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“The Unbroken Circle” Evokes Memories for Landscape Architecture Student Duo

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“The Unbroken Circle” by Wilson Lee and Tom Wenner

After completing their final exams for the spring semester, most students headed for home, vacation or the start of a summer job. Wilson Lee and Tom Wenner, incoming third-year landscape architecture students, had different plans—they entered an international competition. Their entry, “The Unbroken Circle” earned them both a High Commendation and a second place in the People’s Choice category at the SLANT Open International Landscape Design Competition 2013, titled Evoking Memories.

SLANT is an international organization that seeks to provide opportunities for creative achievement. Their competitions are open to anyone, professional or amateur. “Tom and I entered the competition to see how one works and feels compared to our normal studio routine,” Lee says. “We really wanted to see how well we could apply what we already know in the world of landscape architecture.” The criterion for Evoking Memories was to create a virtual garden, designing in a geographical, topographical, climatic and cultural environment of the competitor’s choosing

Lee and Wenner’s concept was that everyone has lost someone. “The Unbroken Circle” is space that evokes memories of those missed, lost, or no longer in our lives. Through a contrast of unity and separation, the absence of human presence in this site helps people to remember those missing and why they were special. The students chose a site near the Korean Demilitarized Zone (DMZ), a border created in 1953 after the end of the Korean War, which separated thousands of families. “We tried to isolate a memory that is relatable to everyone, in this case, loss of a loved one,” Wenner explains. “The Korean DMZ was a perfect location for this because of the fact that the separation and loss that has occurred is still happening today.”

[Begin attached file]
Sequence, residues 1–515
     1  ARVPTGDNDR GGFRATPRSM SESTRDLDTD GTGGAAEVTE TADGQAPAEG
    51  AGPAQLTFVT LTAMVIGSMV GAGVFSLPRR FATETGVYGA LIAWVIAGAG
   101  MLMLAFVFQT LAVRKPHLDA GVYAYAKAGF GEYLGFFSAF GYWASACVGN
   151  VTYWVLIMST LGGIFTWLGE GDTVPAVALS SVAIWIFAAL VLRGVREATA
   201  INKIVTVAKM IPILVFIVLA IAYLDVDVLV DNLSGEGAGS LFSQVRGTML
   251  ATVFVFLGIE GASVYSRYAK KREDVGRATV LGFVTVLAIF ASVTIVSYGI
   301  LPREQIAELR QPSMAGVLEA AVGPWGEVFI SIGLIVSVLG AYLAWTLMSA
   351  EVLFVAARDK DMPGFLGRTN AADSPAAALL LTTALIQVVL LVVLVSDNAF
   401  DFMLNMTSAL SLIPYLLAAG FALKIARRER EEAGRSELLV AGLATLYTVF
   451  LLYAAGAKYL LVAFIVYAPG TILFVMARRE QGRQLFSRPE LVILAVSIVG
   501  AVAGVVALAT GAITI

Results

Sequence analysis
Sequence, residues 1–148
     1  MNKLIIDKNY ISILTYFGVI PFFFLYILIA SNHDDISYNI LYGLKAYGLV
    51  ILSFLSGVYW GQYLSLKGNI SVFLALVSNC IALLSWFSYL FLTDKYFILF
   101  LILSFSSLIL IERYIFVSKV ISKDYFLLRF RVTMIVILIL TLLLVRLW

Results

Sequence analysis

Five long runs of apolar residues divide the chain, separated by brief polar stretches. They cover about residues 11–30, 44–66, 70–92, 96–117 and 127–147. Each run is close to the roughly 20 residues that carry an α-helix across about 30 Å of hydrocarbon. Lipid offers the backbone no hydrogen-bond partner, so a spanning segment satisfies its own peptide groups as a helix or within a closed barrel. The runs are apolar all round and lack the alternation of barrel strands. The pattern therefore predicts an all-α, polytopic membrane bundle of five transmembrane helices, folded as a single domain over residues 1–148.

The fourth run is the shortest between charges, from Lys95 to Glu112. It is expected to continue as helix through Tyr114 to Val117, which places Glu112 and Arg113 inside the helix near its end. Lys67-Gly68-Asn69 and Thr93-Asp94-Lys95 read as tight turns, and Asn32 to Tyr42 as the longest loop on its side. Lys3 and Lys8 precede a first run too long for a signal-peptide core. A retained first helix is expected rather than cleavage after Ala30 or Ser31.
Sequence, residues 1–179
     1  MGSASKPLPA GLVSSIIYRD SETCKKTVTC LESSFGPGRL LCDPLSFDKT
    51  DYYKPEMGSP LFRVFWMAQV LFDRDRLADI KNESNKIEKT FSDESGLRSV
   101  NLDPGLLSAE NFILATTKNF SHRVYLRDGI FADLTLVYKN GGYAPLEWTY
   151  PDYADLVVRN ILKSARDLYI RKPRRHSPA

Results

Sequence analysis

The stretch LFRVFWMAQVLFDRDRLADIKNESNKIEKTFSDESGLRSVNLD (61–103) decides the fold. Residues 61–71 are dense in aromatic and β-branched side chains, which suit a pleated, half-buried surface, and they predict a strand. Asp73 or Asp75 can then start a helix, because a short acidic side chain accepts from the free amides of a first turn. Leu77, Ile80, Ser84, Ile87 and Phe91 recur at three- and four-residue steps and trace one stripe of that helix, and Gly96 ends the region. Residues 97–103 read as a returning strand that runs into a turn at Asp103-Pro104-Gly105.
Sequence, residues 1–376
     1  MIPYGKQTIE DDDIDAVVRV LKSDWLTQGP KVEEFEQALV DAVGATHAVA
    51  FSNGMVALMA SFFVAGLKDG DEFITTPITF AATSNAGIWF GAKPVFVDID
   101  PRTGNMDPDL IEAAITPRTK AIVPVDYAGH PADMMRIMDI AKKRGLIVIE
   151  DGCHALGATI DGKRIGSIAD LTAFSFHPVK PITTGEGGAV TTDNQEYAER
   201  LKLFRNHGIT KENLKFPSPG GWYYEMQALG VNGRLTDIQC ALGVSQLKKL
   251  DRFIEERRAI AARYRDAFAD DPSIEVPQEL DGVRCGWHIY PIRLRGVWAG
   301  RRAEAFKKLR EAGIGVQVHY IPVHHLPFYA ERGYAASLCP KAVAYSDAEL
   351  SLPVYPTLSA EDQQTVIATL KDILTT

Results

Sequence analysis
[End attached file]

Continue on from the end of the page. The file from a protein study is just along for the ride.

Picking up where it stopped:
Eliza Pennypacker, professor of landscape architecture, served as mentor and advisor to Lee and Wenner. “I was really excited when Wilson and Tom invited me to work with them,” Pennypacker says. “I was not only impressed that they chose to do this project just at the end of a challenging semester, but that they discovered the opportunity on their own. The guys worked hard, and it is great to see their ideas develop and receive recognition.”

Tom Wenner, a resident of Hershey, is a transfer student from the University of California, Davis, who came to Penn State because of the Department of Landscape Architecture’s national reputation. “I found Penn State was the ideal school for me to learn this profession,” Wenner says. “The resources and opportunities the school provides its students are incredible.”

Wilson Lee, a native of Philadelphia, credits his success in the competition to his experience at Penn State. “Knowing that I was able to achieve such a high honor after just two years of college proves to me that Penn State is doing something right with the kind of skills and concepts that have become entrenched in my head,” Lee says. “The connections and opportunities at my disposal are absolutely magnificent. I can’t imagine how I’d be able to do this competition without all the resources of the Stuckeman Family Building.

Tom Wenner and Wilson Lee
Tom Wenner and Wilson Lee